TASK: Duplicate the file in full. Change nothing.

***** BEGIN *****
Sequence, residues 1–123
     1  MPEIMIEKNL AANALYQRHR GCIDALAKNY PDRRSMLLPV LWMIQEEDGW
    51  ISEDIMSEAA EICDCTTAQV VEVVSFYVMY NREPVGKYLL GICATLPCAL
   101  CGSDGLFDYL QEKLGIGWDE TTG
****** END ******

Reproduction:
Sequence, residues 1–123
     1  MPEIMIEKNL AANALYQRHR GCIDALAKNY PDRRSMLLPV LWMIQEEDGW
    51  ISEDIMSEAA EICDCTTAQV VEVVSFYVMY NREPVGKYLL GICATLPCAL
   101  CGSDGLFDYL QEKLGIGWDE TTG